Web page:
While serving on the Virginia State Board of Education, Dave Foster resisted SOL reform that would have made common sense adjustments to state testing requirements. Rip Sullivan supported the 2014 law reducing the number of standardized tests and providing more flexibility to localities and teachers to determine how best to ensure that students are learning the necessary curriculum.
Supporting Conservative Politicians
Dave has called Ken Cuccinelli a “great legislator,” and supported Cuccinelli for attorney general in 2009 and governor in 2013. He has endorsed and financially supported Virginia Tea Party leaders and is former chair of GOPAC-Virginia, a fundraising arm of the Republican National Committee. (more…)
The bill, SB 260, establishes a psychiatric bed registry, extends the maximum duration of temporary custody from four to 24 hours and establishes and “clarifies procedures for placement of those subject to an involuntary temporary detention order,” according to a Senate Democrats press release.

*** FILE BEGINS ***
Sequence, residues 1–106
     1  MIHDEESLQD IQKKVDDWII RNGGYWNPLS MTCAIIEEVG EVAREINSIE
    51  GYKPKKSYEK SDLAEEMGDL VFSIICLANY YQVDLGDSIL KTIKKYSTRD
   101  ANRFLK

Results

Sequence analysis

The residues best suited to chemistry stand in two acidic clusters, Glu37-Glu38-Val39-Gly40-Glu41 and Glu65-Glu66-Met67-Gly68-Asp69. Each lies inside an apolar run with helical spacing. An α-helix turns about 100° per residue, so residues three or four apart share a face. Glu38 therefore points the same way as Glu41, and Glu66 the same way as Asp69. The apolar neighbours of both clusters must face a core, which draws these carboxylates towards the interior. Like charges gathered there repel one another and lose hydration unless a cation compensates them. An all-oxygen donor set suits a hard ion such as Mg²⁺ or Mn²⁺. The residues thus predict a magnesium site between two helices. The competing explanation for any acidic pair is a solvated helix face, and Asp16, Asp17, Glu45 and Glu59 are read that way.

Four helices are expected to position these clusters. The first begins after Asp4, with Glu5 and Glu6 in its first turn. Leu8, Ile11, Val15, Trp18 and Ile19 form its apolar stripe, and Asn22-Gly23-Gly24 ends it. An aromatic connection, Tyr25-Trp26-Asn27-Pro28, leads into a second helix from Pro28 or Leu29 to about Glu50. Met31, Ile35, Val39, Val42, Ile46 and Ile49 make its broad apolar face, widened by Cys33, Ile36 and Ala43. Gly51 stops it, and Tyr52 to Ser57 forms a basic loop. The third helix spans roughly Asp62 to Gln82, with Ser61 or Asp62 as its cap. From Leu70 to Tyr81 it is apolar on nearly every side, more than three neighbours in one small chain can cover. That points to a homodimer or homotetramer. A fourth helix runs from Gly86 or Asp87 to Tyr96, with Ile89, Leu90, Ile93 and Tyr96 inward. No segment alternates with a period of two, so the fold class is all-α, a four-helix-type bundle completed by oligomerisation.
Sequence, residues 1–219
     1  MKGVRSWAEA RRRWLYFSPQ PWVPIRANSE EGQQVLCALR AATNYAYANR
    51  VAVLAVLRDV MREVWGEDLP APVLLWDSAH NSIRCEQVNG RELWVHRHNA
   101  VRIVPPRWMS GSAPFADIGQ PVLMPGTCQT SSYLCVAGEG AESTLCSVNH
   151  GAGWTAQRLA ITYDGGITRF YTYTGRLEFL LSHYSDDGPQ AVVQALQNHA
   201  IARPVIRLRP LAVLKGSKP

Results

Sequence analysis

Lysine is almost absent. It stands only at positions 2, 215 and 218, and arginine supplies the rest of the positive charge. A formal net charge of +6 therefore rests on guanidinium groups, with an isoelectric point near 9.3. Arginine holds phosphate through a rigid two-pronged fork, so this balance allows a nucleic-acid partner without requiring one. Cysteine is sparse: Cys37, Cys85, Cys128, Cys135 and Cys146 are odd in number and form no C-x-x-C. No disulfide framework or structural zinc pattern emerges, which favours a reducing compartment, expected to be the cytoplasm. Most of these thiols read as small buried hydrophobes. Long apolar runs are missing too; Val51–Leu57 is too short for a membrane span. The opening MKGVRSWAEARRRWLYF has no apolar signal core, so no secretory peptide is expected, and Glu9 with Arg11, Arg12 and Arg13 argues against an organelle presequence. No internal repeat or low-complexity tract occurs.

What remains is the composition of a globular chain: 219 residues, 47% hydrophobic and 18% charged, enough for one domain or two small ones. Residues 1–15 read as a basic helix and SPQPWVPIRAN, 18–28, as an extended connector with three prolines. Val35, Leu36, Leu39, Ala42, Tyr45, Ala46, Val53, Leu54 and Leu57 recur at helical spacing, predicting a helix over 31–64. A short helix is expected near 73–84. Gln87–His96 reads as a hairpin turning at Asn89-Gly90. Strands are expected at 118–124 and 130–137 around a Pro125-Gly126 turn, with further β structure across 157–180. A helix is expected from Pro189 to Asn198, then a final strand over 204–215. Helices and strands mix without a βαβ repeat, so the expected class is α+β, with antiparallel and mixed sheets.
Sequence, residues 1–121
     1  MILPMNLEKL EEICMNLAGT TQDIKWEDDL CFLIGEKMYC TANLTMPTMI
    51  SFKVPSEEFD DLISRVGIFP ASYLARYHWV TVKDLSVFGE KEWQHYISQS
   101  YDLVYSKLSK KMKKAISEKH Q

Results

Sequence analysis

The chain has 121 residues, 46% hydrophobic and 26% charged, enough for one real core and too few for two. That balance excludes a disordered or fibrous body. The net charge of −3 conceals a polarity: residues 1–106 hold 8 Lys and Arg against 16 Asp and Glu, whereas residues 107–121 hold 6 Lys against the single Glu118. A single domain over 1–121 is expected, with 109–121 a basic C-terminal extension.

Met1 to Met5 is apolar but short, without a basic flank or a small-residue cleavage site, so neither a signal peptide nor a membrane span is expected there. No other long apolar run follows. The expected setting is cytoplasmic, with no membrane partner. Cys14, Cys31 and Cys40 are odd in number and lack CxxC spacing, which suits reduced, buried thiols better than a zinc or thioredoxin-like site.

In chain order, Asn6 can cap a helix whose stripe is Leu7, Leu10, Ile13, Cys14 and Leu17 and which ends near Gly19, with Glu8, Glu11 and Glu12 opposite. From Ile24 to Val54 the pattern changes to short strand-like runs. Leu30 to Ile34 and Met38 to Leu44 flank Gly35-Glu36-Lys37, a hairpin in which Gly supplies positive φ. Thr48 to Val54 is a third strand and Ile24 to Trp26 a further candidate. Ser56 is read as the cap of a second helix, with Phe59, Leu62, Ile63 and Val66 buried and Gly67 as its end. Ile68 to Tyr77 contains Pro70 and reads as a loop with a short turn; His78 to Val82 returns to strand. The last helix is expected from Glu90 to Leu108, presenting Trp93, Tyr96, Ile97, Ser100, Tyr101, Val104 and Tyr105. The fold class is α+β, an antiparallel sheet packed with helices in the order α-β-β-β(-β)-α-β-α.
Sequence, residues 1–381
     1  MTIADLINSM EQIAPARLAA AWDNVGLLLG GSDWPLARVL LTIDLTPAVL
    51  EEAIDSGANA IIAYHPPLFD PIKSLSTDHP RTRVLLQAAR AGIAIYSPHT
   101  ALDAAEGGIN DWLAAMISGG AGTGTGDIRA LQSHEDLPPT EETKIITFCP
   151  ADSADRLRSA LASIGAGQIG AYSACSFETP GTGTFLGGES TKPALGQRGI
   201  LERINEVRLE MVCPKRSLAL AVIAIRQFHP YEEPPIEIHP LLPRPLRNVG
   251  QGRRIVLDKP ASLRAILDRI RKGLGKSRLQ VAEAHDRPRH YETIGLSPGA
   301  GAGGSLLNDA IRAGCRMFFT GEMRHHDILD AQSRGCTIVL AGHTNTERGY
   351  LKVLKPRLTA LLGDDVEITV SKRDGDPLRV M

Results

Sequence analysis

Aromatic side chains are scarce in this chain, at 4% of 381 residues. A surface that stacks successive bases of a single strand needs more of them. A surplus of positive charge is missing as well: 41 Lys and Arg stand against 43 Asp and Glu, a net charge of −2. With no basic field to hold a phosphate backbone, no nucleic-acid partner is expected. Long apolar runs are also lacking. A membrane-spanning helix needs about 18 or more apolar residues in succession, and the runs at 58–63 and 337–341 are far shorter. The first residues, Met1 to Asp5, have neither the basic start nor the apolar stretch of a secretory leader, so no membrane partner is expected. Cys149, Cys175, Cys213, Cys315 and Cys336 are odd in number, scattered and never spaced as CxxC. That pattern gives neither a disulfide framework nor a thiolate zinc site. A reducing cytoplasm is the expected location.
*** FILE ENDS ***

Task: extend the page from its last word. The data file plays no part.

The bill was sponsored by Sen. Creigh Deeds (D-Bath County), who police say was stabbed by his son, Austin, in the face and chest before Austin Deeds shot himself in November. Austin Deeds had undergone a psychiatric evaluation but was not admitted to a hospital because no bed was available.
Sen. Barbara Favola (D) was a co-patron of the bill, and announced its 38-0 passage Monday with a press release, below:
Senate Bill 260, of which Senator Favola is a co-patron, has passed the Senate today, providing a safety net for individuals suffering from mental illnesses. When an individual is evaluated under an emergency protection order and a determination is made that a temporary detention order (TDO) is needed, the bill ensures that a psychiatric bed will be available.
The bill will protect Virginia residents from the potential threats associated with mental health patients by providing sufficient time to determine the degree to which they are a threat to themselves and to others. The psychiatric bed registry will benefit these patients by guaranteeing them secure facilities in which they can be detained and will facilitate efficiency in law enforcement and crisis response services.
Furthermore, the liberty given to local community services boards to determine alternative facilities for such patients will also ensure their personalized, and therefore improved, treatment. This is filling an important hole in the mental health safety net.
Senator Favola said “Ensuring the availability of a psychiatric bed is crucial to providing much needed care.”
Under the current system, if a bed is not available a judge will not issue a TDO even if the individual needs a more comprehensive evaluation and a treatment plan.